Impact Of Employment Interventions For Persons With Serious Mental Illnesses On Non-employment Patient-centered Outcomes
- PIs: Donald M. Steinwachs, Ph.D., David Salkever, Ph.D. (UMBC)
- Funder: Agency for Healthcare Research and Quality
- Status: Results available
The effect of initiation of evidence-based supported employment services (Individual Placement and Support-IPS) was compared to traditional vocational services for persons with serious mental illnesses enrolled in Medicaid and qualifying for state or federal disability. Data were compiled from Medicaid claims, Maryland Public Mental Health System and the Maryland Division of Rehabilitative Services. Patterns of medical and mental health care and client-reported functional status, use of alcohol and drugs, and interactions with law enforcement were examined. Reports address continuity and coordination of health and mental health care, and effects on patient-reported mental health functional status, substance use, and arrests.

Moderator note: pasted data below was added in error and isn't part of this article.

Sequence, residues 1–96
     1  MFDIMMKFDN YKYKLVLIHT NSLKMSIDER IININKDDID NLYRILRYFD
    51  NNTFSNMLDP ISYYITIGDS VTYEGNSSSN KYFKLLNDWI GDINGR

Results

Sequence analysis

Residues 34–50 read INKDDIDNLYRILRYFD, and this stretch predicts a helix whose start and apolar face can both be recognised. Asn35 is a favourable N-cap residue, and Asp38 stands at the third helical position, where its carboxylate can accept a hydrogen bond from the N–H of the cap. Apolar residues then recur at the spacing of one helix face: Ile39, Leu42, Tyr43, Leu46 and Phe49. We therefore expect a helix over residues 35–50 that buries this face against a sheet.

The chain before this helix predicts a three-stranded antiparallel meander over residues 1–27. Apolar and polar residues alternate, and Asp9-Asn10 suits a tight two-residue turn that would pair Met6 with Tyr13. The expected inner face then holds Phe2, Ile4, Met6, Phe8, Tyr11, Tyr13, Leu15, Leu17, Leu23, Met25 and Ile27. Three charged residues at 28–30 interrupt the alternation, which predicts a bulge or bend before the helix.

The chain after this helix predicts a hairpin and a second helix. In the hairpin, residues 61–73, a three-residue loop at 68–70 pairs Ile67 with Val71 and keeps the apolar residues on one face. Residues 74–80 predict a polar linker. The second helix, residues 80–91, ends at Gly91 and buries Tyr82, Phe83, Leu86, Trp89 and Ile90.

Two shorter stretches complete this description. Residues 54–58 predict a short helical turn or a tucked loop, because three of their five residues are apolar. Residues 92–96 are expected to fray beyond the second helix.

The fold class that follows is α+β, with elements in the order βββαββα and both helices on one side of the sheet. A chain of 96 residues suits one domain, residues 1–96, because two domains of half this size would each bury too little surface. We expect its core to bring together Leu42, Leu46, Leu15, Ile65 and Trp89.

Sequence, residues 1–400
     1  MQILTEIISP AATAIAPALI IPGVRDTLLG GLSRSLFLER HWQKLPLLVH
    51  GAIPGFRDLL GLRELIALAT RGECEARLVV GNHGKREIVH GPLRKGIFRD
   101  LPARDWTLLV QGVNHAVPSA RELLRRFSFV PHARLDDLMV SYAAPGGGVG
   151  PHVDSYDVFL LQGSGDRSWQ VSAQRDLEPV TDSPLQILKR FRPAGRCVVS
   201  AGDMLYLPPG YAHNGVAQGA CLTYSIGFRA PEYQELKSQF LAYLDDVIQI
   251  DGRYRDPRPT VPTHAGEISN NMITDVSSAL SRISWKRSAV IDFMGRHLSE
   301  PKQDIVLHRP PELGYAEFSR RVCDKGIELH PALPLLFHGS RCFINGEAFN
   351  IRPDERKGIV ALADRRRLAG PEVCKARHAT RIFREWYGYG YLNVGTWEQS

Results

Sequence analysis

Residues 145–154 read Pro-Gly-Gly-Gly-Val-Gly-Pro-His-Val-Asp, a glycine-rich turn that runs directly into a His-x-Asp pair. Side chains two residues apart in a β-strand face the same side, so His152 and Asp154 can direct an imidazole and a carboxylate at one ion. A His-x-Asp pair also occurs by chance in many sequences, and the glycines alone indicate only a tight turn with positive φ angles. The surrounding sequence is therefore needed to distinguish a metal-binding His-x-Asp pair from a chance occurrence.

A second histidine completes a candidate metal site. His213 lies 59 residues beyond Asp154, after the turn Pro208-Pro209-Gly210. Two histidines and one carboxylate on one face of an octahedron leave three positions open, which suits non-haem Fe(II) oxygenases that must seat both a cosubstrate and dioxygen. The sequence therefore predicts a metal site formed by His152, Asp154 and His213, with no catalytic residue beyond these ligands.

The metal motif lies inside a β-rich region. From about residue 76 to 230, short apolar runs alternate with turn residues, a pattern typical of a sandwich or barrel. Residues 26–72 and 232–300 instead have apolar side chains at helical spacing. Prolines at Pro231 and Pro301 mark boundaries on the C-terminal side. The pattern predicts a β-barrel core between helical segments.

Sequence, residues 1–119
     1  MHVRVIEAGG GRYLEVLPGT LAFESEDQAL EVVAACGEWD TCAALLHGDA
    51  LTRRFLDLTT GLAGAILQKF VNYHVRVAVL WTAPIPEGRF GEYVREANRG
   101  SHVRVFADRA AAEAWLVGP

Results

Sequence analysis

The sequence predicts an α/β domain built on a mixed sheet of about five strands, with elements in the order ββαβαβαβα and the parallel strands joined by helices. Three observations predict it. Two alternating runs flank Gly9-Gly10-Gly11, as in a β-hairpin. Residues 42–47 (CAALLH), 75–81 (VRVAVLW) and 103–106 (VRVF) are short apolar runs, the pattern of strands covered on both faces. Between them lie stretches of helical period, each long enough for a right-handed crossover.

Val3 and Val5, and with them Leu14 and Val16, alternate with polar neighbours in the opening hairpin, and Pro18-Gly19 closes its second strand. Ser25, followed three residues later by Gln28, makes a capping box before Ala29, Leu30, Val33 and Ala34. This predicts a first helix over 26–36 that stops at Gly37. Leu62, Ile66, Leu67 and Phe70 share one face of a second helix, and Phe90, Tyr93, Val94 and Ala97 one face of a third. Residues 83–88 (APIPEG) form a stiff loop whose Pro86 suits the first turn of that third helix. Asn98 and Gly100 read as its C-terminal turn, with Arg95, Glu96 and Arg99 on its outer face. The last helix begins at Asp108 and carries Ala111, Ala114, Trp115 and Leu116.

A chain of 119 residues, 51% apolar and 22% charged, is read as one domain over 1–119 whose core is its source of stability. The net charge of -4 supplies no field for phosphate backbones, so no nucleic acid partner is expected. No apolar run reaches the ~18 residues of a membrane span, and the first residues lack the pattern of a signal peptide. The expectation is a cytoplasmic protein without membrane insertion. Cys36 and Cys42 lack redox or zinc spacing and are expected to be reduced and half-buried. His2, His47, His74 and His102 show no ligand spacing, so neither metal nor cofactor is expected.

Associations between supported employment compared to traditional vocational services were neutral or positive for medication continuity and not significant for provider continuity. Associations between supported employment and coordination of care were mixed and not statistically significant. A smaller than expected sample size may have contributed to less statistical significance as might have variations in employment program selection of clients and employment services provided.
The effects of patient-reported mental health functional status, substance use and arrests were examined for the employment intervention groups. The study groups did not differ on these outcomes.